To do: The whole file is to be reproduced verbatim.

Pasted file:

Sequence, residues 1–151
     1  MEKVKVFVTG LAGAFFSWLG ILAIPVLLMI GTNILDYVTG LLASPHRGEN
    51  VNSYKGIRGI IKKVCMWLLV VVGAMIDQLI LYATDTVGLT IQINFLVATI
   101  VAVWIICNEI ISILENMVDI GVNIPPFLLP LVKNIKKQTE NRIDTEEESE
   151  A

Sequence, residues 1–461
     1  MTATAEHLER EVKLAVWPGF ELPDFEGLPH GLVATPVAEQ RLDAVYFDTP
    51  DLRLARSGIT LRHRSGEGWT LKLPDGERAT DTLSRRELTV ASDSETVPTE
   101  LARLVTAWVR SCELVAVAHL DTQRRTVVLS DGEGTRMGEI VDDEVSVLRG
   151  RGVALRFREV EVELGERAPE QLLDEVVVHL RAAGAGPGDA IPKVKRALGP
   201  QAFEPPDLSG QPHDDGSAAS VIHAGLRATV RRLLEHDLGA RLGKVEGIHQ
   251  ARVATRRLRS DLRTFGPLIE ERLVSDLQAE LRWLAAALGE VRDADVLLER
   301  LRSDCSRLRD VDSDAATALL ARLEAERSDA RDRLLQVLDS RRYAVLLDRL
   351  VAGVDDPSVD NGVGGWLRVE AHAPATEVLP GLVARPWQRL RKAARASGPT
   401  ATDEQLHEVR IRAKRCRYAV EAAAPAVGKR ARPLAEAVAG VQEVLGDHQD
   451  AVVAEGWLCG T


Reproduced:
Sequence, residues 1–151
     1  MEKVKVFVTG LAGAFFSWLG ILAIPVLLMI GTNILDYVTG LLASPHRGEN
    51  VNSYKGIRGI IKKVCMWLLV VVGAMIDQLI LYATDTVGLT IQINFLVATI
   101  VAVWIICNEI ISILENMVDI GVNIPPFLLP LVKNIKKQTE NRIDTEEESE
   151  A

Sequence, residues 1–461
     1  MTATAEHLER EVKLAVWPGF ELPDFEGLPH GLVATPVAEQ RLDAVYFDTP
    51  DLRLARSGIT LRHRSGEGWT LKLPDGERAT DTLSRRELTV ASDSETVPTE
   101  LARLVTAWVR SCELVAVAHL DTQRRTVVLS DGEGTRMGEI VDDEVSVLRG
   151  RGVALRFREV EVELGERAPE QLLDEVVVHL RAAGAGPGDA IPKVKRALGP
   201  QAFEPPDLSG QPHDDGSAAS VIHAGLRATV RRLLEHDLGA RLGKVEGIHQ
   251  ARVATRRLRS DLRTFGPLIE ERLVSDLQAE LRWLAAALGE VRDADVLLER
   301  LRSDCSRLRD VDSDAATALL ARLEAERSDA RDRLLQVLDS RRYAVLLDRL
   351  VAGVDDPSVD NGVGGWLRVE AHAPATEVLP GLVARPWQRL RKAARASGPT
   401  ATDEQLHEVR IRAKRCRYAV EAAAPAVGKR ARPLAEAVAG VQEVLGDHQD
   451  AVVAEGWLCG T